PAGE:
Manafort associate sought tickets to Trump inauguration for Ukrainian oligarch, prosecutors say

Manafort associate sought tickets to Trump inauguration for Ukrainian oligarch, prosecutors say
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Sam Patten, the former associate of Paul ManafortPaul John ManafortJustice Department intervenes, keeps Manafort from being sent to Rikers Island: report Justice Department intervenes, keeps Manafort from being sent to Rikers Island: report The Hill's 12:30 Report — Presented by MAPRx — Supreme Court double jeopardy ruling could impact Manafort MORE who pleaded guilty on Friday to illegal foreign lobbying, sought tickets to President TrumpDonald John TrumpTrump says 'Failing New York Times' should be held 'fully accountable' over Russia report Trump says 'Failing New York Times' should be held 'fully accountable' over Russia report Trump tweets ICE will begin removing 'millions' of undocumented migrants MORE’s inauguration for a prominent Ukrainian oligarch, according to U.S. prosecutors.

According to the statement of the offense, Patten tried to conceal the source of a $50,000 payment for four presidential inauguration tickets in 2017 on behalf of the Ukrainian oligarch, who is not named. The Presidential Inauguration Committee does not accept money from foreign nationals, but allows foreigners to attend the inauguration so long as they do not pay for the tickets.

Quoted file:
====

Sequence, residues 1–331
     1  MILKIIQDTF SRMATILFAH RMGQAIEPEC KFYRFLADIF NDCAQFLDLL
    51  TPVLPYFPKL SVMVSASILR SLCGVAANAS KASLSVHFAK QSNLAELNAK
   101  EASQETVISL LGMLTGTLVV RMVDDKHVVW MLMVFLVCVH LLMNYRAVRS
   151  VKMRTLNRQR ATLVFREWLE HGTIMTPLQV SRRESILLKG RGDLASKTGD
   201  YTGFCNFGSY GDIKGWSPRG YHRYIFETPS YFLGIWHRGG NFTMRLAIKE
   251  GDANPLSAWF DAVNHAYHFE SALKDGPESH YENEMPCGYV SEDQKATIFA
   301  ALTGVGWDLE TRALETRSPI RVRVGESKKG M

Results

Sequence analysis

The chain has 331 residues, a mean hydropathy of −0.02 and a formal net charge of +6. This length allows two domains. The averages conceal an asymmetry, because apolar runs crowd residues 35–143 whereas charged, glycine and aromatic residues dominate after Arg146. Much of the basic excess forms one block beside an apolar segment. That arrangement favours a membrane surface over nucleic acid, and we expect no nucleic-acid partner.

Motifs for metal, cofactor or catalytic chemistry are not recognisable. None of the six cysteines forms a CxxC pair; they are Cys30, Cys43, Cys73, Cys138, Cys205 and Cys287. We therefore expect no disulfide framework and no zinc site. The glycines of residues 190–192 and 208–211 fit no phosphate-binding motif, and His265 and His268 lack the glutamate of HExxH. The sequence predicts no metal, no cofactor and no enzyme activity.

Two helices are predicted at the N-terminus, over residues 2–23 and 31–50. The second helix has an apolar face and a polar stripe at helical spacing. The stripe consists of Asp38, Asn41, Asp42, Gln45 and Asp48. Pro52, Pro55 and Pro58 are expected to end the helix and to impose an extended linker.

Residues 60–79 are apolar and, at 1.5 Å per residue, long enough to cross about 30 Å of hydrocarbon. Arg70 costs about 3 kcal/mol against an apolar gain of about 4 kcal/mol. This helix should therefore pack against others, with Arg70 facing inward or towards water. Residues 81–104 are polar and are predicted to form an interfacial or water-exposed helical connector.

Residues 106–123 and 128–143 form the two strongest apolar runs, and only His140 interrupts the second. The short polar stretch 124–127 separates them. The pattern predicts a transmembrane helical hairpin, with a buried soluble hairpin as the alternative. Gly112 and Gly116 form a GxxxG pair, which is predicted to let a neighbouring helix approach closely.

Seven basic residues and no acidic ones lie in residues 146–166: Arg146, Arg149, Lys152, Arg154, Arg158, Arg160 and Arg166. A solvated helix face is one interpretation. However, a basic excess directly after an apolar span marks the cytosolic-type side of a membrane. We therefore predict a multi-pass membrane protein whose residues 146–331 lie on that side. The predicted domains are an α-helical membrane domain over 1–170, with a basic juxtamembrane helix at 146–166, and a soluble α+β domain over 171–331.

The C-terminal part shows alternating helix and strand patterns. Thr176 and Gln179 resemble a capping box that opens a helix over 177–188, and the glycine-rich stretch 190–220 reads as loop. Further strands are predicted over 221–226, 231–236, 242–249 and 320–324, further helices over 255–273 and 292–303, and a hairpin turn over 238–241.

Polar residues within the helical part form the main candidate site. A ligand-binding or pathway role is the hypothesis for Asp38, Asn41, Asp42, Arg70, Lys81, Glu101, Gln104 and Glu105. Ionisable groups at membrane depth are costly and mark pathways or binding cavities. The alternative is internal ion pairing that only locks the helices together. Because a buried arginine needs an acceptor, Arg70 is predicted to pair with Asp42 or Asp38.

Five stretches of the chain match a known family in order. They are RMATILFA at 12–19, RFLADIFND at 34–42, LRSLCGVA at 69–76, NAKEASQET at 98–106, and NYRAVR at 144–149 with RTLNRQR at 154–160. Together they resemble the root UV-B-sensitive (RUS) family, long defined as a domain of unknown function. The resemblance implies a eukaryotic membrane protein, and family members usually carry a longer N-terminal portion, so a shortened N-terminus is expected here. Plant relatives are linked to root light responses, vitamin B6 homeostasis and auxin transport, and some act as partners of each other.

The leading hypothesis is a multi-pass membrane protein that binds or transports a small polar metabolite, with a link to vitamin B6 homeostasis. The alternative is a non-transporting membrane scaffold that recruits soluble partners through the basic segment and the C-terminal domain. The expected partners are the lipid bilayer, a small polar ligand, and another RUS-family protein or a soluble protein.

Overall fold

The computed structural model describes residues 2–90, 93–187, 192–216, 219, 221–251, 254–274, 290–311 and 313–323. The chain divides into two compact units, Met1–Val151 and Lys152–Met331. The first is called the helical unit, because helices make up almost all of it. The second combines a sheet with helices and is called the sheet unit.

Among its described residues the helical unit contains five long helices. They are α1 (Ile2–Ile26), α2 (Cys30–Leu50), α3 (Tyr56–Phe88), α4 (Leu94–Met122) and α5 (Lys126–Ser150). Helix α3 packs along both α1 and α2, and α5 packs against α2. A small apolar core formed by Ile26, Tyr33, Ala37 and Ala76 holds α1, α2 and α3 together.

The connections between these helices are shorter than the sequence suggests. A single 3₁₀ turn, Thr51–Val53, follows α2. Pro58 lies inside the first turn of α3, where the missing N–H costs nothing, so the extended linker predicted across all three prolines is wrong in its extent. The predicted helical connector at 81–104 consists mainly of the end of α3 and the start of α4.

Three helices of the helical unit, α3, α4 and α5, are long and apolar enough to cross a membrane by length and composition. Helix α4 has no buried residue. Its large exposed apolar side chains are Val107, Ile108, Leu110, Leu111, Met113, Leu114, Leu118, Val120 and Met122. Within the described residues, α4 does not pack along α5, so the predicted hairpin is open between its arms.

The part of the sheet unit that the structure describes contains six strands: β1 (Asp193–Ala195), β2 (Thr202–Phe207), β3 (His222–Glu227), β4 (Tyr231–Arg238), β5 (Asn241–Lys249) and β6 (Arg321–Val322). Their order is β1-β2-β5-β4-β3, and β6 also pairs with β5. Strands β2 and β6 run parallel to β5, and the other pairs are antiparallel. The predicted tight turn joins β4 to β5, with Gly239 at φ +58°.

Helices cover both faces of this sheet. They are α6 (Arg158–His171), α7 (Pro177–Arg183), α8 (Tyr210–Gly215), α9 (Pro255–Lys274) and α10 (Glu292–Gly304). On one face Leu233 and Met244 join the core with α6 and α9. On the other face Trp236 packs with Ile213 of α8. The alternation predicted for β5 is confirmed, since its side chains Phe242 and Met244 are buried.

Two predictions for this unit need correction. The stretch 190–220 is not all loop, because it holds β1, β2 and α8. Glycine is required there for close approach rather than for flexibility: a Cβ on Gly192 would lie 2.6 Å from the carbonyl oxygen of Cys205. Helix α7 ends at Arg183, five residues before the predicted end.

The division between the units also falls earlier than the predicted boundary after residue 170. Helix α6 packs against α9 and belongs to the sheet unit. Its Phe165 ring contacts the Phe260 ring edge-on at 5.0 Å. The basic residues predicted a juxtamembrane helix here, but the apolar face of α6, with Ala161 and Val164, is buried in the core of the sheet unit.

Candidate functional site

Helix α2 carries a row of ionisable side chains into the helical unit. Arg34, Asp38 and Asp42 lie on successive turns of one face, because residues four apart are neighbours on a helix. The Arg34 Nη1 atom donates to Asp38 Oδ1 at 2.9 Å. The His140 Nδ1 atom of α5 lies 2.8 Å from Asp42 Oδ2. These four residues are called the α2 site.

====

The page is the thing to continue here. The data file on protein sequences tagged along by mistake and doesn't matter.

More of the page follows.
Prosecutors say that Patten “solicited a United States citizen to act as a ‘straw’ purchaser” in order to conceal the source of the money for the tickets. The individual paid $50,000 for the tickets, after receiving the same sum from a company controlled by Patten and an unnamed Russian national. The oligarch had paid the sum to Patten’s firm through a Cypriot account. 

Prosecutors also say Patten misled the Senate Intelligence Committee during testimony in January by withholding documents concerning the payments from the committee and by giving false and misleading testimony. 

Patten pleaded guilty to violating the Foreign Agents Registration Act, a federal law governing foreign lobbying, in federal court in Washington, D.C., on Friday. The charge stems from his work lobbying on behalf of a political party in Ukraine known as the Opposition Bloc and the Ukrainian oligarch between 2014 and 2018.

Patten is a former associate of Manafort, Trump's former campaign chairman who was recently convicted on eight counts of bank and tax fraud in a case stemming from special counsel Robert MuellerRobert (Bob) Swan MuellerKamala Harris says her Justice Dept would have 'no choice' but to prosecute Trump for obstruction Kamala Harris says her Justice Dept would have 'no choice' but to prosecute Trump for obstruction Dem committees win new powers to investigate Trump MORE's investigation into Russian interference in the 2016 presidential election. Manafort faces a separate trial in D.C. on charges of conspiracy to launder money and failing to register as a foreign agent in late September.

Patten's case was referred by Mueller to prosecutors in the U.S. attorney's office in D.C. The plea agreement suggests that he is cooperating with the special counsel's office, though the extent or nature of that cooperation remains unclear. 

Patten is not being charged for the actions related to the inaugural tickets.

-- Updated 2:57 p.m.